Often I will see an old photo or ad and spend a bit of time digging into the back story. Sometimes I find a great story, sometimes not. Either way, I learn a few things about the city's history. Here's my latest attempt:
"Wild Bill Fogg, winner of the Peter Dawson Trophy 1923"
by L. B. Foote. Source: buflyer at Flickr.
In the late 19-teens automobile racing was becoming a popular spectator sport. In 1921 a group called the Western Sporting Club began an annual racing series at River Park, which was located at Osborne and Jubilee from 1891 - 1941.
Offering a variety of races for professionals and amateurs, it attracted drivers and car owners from as far away as Alberta and the mid-west U.S..
Aug 27, 1923, Winnipeg Tribune
In 1923 organizers introduced a five-mile amateur race that would be the first event of the day. The Peter Dawson Distillery Company, which had a sales office here in Winnipeg, donated a silver trophy to the cause. The winner got to keep it for a year and if they won it three times in a row got to keep it permanently.
September 17, 1923, Manitoba Free Press
The day appears to have gone well but the inaugural Peter Dawson Trophy race was a bust, as can be seen in the above article. Only two racers entered and Fogg's competitor broke down shortly after leaving the starting line.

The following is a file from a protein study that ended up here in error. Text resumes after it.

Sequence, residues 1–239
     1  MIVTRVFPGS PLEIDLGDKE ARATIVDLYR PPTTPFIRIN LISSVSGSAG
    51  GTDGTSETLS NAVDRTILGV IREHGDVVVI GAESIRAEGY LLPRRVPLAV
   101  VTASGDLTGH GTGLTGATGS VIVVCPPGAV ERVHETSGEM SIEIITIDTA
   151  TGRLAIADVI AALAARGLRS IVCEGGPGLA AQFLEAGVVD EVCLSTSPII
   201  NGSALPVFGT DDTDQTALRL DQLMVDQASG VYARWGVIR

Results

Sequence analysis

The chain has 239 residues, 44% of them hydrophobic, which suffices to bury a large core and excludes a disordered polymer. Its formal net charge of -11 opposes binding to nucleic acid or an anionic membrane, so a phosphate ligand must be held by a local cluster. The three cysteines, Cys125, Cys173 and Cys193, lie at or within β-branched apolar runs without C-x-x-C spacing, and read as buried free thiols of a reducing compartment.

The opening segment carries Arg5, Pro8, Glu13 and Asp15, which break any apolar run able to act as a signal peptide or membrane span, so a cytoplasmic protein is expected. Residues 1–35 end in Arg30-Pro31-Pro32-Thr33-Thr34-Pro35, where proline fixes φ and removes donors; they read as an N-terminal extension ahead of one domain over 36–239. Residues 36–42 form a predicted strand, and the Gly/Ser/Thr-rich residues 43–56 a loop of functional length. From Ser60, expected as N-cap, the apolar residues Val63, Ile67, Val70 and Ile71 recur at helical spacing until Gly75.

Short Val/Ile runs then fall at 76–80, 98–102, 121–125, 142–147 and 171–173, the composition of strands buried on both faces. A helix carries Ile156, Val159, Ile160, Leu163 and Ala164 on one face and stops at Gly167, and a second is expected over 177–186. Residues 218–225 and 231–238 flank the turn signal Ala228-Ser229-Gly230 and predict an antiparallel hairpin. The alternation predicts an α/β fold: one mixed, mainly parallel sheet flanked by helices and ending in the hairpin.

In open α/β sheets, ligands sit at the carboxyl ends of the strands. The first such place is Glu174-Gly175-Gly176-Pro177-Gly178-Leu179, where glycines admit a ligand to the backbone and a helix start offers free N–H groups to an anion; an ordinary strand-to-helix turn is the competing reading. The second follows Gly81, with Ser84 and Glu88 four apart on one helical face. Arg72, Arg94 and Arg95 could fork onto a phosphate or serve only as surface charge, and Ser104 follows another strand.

The trophy was awarded jointly to Fogg and George Richards, the local mechanic and car enthusiast who built the Hudson-based car that was driven.
The Richards car was sponsored in part by Gutta Percha, you can see their name painted on the car's bonnet. Gutta Percha Rubber Manufacturing Company of Toronto made made hoses, conveyor belts, gaskets, even tires and hockey pucks. (See their 1910 catalogue here.)
This explains why he is being photographed outside the McDermot Avenue entrance of the Maltese Cross Building. Maltese Cross was a product line of Gutta Percha.
The race continued for at least one year. Fogg did not race in it though one of the racers may have been in Richards' car. After that there is no mention of the trophy until 1927 then it disappears from newspaper coverage.